Impact of Antithrombotic Therapy in Atrial Fibrillation on the Presentation of Coronary Artery Disease.

Chan PH, Li WH, Hai JJ, Tse HF, Siu CW - PLoS ONE (2015)

Kaplan-Meier estimates of all ACS-free survival in AF patients receiving warfarin, aspirin and no therapy.
© Copyright Policy
Related In: Results  -  Collection

License
Show All Figures
getmorefigures.php?uid=PMC4476741&req=5

pone.0131479.g005: Kaplan-Meier estimates of all ACS-free survival in AF patients receiving warfarin, aspirin and no therapy.
Mentions: Current clinical guidelines recommend antithrombotic therapy in patients with AF when CHA2DS2-VASc ≥1.[11, 36] From this study, common risk factors such as diabetes mellitus and hypertension, components of CHA2DS2-VASc scoring 1 mark, were associated with increased risk of new occurrence CAD. The presence of either of these risk factors will confer an increased risk of ischemic stroke and thus indicate the need for antithrombotic therapy. This study suggested that prescription of antithrombotic therapy in this group of patients will not only lower the subsequent risk of ischemic stroke,[13] but might also lower the risk of new occurrence of CAD, both as stable angina and acute coronary syndromes. (Figs 4 and 5).

Bottom Line: No significant differences in age, sex, and mean CHA2DS2-VASc score were observed between patients with and without the primary endpoint.Similar trends were observed in patients with acute coronary syndromes.Diabetes mellitus, smoking history and renal failure requiring dialysis were predictors for primary endpoint in all antithrombotic therapies.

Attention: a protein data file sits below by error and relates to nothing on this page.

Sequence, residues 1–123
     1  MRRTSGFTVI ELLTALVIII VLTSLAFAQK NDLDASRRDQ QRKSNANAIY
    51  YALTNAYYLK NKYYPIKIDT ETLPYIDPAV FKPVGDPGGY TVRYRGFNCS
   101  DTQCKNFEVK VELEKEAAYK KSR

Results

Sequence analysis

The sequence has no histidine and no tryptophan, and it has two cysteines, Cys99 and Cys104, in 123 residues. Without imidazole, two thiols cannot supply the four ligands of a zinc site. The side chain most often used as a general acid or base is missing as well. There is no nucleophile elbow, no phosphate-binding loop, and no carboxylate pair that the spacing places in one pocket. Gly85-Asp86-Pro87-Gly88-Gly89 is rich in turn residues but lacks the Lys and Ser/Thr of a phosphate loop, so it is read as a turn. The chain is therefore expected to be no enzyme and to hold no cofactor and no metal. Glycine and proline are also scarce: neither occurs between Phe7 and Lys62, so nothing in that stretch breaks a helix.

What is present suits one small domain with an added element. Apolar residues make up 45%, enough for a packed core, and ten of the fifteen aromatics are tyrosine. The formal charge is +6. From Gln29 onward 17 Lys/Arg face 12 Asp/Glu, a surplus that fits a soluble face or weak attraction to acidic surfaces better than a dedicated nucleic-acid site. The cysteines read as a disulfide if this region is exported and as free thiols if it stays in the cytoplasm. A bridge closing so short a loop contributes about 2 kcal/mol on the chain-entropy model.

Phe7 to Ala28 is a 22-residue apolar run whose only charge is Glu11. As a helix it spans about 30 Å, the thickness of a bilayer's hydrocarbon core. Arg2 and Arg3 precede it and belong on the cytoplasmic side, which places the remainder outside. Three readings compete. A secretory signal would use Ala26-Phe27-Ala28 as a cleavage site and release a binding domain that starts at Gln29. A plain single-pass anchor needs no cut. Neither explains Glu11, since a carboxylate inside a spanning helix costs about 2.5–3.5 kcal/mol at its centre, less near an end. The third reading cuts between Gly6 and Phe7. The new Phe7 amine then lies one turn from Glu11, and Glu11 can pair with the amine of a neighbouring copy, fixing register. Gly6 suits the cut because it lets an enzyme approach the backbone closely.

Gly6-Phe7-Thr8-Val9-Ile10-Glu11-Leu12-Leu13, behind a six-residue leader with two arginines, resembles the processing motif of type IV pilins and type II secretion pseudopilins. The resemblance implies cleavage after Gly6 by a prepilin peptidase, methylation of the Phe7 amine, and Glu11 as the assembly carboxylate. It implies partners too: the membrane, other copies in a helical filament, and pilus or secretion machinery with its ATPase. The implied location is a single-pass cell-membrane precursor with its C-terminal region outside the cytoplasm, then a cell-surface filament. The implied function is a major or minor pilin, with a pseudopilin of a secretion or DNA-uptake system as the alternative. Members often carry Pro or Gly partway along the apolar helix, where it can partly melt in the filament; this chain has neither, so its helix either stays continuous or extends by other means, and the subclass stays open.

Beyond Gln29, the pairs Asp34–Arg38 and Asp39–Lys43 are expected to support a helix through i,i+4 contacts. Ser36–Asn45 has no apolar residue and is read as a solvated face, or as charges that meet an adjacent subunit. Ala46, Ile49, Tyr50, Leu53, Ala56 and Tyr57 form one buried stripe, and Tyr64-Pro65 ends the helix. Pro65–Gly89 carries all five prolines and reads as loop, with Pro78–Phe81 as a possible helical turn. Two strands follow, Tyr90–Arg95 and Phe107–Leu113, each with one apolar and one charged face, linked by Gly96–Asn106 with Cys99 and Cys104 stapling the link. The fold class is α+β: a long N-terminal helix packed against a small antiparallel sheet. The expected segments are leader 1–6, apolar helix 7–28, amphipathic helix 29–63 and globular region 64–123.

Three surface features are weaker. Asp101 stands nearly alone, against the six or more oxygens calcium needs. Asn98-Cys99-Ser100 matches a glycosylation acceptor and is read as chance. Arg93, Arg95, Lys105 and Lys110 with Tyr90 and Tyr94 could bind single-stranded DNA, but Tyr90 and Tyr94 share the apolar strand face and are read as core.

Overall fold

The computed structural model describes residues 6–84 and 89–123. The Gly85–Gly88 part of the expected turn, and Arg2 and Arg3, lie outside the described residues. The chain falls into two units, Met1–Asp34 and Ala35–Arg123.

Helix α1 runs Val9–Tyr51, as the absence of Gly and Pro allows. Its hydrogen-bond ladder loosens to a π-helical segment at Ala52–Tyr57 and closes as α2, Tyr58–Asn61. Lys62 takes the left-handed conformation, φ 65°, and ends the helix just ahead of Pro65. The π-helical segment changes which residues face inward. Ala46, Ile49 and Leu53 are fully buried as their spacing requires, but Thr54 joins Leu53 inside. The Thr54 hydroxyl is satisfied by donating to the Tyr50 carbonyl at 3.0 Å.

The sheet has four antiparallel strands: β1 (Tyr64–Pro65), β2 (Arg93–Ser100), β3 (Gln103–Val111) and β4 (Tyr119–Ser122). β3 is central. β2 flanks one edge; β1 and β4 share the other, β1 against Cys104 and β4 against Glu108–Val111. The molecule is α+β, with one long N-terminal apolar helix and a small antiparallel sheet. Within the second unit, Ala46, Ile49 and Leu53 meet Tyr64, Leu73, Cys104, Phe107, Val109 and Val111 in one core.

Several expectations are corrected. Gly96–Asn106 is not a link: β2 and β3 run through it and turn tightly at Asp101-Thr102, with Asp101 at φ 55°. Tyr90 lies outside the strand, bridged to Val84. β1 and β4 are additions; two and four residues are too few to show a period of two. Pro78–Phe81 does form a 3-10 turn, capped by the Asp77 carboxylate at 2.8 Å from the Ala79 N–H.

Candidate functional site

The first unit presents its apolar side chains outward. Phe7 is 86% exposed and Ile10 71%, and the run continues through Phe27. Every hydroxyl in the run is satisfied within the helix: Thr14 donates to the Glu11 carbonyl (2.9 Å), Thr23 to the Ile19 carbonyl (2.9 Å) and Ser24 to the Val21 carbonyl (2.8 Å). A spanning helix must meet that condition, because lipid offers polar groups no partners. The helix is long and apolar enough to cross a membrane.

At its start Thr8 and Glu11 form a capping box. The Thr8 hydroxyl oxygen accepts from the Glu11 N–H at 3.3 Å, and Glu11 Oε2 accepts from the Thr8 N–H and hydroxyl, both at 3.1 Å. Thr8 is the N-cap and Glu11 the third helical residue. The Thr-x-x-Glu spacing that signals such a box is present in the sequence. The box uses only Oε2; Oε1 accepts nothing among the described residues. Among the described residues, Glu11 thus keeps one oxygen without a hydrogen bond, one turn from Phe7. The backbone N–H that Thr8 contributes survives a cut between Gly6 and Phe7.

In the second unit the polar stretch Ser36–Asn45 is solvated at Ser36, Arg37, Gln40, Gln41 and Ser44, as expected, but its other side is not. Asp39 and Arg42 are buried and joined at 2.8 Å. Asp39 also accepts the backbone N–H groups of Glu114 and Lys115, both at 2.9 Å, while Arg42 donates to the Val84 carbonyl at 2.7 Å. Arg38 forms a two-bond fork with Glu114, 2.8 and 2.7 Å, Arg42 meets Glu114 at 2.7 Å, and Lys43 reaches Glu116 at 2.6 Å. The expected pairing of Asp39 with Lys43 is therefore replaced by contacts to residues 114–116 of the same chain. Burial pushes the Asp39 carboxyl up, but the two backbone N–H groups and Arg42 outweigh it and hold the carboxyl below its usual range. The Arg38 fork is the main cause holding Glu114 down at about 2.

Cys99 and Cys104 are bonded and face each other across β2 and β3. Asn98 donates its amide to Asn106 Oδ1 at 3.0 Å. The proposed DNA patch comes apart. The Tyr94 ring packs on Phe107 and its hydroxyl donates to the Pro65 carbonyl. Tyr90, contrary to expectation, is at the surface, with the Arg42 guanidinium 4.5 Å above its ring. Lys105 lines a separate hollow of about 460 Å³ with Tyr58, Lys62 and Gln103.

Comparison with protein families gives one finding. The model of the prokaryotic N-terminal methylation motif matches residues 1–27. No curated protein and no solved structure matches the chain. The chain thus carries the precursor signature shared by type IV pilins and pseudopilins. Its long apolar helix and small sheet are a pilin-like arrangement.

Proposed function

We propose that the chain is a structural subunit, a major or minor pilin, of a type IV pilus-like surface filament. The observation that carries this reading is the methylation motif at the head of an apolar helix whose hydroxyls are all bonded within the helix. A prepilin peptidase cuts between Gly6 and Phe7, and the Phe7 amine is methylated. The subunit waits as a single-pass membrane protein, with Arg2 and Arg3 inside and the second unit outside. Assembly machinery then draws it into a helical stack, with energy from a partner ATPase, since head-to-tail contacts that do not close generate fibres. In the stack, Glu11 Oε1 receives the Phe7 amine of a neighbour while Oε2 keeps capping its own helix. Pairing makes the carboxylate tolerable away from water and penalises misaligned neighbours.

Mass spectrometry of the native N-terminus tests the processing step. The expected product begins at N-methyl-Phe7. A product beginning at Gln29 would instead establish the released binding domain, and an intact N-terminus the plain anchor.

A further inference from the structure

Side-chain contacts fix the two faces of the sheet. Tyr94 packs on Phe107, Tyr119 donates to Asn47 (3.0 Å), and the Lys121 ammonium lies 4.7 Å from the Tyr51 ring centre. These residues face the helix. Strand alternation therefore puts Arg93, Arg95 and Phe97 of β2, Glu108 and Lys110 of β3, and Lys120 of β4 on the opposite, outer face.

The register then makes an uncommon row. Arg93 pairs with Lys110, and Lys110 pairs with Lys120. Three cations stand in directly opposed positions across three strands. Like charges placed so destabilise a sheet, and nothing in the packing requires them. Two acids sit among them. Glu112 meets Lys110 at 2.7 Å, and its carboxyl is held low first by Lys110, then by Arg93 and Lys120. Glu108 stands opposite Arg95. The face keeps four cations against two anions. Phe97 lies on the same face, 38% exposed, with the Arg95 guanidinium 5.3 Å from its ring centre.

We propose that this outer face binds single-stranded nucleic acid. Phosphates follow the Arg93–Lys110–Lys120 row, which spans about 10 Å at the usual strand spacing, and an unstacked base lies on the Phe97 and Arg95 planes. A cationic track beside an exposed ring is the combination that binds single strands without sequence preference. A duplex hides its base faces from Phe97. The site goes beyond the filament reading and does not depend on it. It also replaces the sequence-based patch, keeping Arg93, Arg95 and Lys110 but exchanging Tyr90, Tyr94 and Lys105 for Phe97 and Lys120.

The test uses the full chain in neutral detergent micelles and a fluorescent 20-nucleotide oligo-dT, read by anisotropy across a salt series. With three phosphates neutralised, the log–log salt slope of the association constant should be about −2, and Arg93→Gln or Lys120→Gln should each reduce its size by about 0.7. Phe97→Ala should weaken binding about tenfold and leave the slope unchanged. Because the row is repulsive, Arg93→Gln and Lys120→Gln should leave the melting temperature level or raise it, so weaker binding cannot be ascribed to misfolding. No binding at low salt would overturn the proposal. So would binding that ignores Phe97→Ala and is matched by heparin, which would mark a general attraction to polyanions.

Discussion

View Article: PubMed Central - PubMed

Affiliation: Cardiology Division, Department of Medicine, Li Ka Shing Faculty of Medicine, the University of Hong Kong, Hong Kong SAR, China.

ABSTRACT

Background: Little is known about whether atrial fibrillation is a presentation of coronary disease. There is a paucity of knowledge about their causal relationship and also the impact of different antithrombotic strategies on the subsequent presentation of symptomatic coronary disease.

Methods and results: We studied 7,526 Chinese patients diagnosed with non-valvular atrial fibrillation and no documented history of coronary artery disease. The primary endpoint was the new occurrence of coronary artery disease--either stable coronary artery disease or acute coronary syndrome. After a mean follow-up of 3.2±3.5 years (24,071 patient-years), a primary endpoint occurred in 987 patients (13.1%). The overall annual incidence of coronary artery disease was 4.10%/year. No significant differences in age, sex, and mean CHA2DS2-VASc score were observed between patients with and without the primary endpoint. When stratified according to the antithrombotic strategies applied for stroke prevention, the annual incidence of coronary artery disease was 5.49%/year, 4.45%/year and 2.16%/year respectively in those prescribed no antithrombotic therapy, aspirin, and warfarin. Similar trends were observed in patients with acute coronary syndromes. Diabetes mellitus, smoking history and renal failure requiring dialysis were predictors for primary endpoint in all antithrombotic therapies.

Conclusion: In patients with non-valvular atrial fibrillation, there is a modest association with coronary artery disease. Patients prescribed warfarin had the lowest risk of new onset coronary artery disease.

No MeSH data available.


Related in: MedlinePlus